introduction of the Community Infrastructure Levy (CIL) as a flat-rate charge for all non-site specific infrastructure apart from affordable housing. This has made S106 the only negotiable element of planning obligations and could increase its vulnerability to viability assessments depending on how CIL levels are set;
replacing regional planning with a duty to co-operate by neighbouring authorities. This study revealed a variable pattern of appropriate levels of strategic co-ordination to secure affordable housing.
Additional recent changes introduced after the fieldwork was completed include reducing the threshold for the number of units on sites requiring S106 and waiving obligations in some schemes in return for a £20,000 discount on market housing. These changes could further undermine the ability of planning obligations to deliver housing to those on the lowest incomes. They will also make it harder to achieve a balance between numbers and affordability in other government initiatives such as Garden Cities.
Maximising S106 provision
Within these constraints, the case-study areas demonstrated innovative practice in maximising provision of affordable homes through S106 by:
ensuring that local planning policies prioritised affordable housing provision accessible to those on the lowest incomes;
using specialised viability officers/teams in planning departments and additional training in viability for officers and members;
taking a dynamic view of viability, with review mechanisms and agreements to enable greater levels of affordable housing in later phases of schemes if performance exceeds that set out in the original viability appraisal;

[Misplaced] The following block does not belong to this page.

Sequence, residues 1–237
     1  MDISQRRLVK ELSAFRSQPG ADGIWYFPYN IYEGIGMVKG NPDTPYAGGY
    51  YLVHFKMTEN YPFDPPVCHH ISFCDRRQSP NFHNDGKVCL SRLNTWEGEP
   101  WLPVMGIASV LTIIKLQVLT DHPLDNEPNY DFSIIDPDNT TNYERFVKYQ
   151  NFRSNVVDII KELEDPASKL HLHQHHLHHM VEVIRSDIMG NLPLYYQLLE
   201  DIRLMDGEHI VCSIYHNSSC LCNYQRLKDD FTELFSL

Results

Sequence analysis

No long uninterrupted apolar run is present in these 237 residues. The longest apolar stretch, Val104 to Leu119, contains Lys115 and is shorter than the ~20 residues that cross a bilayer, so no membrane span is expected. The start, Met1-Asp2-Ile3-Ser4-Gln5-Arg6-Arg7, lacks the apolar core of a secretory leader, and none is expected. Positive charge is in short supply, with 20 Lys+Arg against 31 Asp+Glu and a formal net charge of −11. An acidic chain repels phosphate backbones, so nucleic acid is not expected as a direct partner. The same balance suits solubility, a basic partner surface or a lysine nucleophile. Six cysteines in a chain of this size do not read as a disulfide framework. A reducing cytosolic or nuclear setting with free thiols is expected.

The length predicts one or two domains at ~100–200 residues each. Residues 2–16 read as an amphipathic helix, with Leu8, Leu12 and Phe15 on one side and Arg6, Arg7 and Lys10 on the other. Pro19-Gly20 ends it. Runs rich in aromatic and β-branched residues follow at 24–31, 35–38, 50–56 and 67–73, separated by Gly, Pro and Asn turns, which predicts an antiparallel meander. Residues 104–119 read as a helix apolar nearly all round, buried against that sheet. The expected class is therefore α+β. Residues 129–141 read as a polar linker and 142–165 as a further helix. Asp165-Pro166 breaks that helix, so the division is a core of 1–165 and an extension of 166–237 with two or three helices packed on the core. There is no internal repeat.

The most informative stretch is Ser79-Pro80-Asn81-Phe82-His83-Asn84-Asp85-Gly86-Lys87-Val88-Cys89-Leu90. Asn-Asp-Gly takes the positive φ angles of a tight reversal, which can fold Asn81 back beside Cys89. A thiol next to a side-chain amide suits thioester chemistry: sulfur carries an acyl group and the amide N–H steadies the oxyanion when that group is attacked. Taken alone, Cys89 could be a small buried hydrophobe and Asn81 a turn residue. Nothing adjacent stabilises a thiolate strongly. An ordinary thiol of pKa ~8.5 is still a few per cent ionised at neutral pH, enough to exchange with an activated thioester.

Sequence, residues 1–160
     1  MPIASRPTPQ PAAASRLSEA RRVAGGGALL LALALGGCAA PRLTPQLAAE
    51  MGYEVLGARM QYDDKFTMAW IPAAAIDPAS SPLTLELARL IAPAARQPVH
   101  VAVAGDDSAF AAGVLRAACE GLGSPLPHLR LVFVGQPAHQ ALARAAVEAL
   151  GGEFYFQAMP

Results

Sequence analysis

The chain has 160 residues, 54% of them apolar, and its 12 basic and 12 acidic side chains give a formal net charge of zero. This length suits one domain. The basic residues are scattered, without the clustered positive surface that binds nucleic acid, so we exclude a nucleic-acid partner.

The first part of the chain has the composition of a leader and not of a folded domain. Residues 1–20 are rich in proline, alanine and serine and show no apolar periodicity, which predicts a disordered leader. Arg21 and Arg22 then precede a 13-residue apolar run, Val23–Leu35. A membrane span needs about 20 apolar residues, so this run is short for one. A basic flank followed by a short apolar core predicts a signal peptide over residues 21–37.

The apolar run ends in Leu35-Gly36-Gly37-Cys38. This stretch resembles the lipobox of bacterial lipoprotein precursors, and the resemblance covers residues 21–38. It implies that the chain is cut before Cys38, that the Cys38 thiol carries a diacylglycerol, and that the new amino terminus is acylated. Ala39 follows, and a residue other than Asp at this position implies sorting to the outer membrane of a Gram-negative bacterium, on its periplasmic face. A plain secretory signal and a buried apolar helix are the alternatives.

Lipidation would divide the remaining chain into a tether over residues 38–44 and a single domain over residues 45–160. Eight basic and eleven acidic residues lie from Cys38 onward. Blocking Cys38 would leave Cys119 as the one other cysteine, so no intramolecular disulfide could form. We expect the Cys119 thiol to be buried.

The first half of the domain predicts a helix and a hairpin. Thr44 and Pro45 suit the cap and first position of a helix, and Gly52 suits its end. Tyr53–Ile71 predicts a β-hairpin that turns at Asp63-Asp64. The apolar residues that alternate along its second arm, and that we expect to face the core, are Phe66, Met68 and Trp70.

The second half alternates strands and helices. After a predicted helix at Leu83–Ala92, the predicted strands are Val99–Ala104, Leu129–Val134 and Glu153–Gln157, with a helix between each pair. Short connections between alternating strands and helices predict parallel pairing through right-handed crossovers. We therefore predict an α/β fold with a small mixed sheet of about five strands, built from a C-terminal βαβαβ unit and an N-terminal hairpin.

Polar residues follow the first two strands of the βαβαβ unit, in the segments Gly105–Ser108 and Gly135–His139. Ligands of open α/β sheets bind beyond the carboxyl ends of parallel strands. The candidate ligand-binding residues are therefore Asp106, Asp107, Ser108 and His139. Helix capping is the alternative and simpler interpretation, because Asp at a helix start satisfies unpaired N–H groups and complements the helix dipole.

using supplementary planning documents (SPDs) to set localised conditions and criteria for viability assessments and planning agreements;
using SPDs and S106 within developments to specify levels of rents affordable to those on the lowest incomes. These often defined affordable as one-third of incomes rather than government definitions of up to 80 per cent of market value.
This good practice needs sharing and promoting, particularly given the constraints under which local planning authorities operate.
S106 is important for delivering affordable homes in particular places at particular times, but even in areas with strong housing markets it cannot deliver enough homes to meet needs. It also cannot make up for reduced numbers through cuts to the Government’s Affordable Homes Programme. However, the case-study areas were using effective additional mechanisms and delivery models to increase the supply of affordable housing in local schemes within which S106 played a greater or lesser role. Key findings were the following:
Special purpose vehicles (SPVs), often formed around the availability of publicly owned land, offered substantial opportunities for affordable housing development where S106 was not delivering. They comprised housing association subsidiaries, municipal housing companies and public/private partnerships. More widespread use of SPVs could deliver more affordable housing, particularly through a model specifically for housing at social rent levels.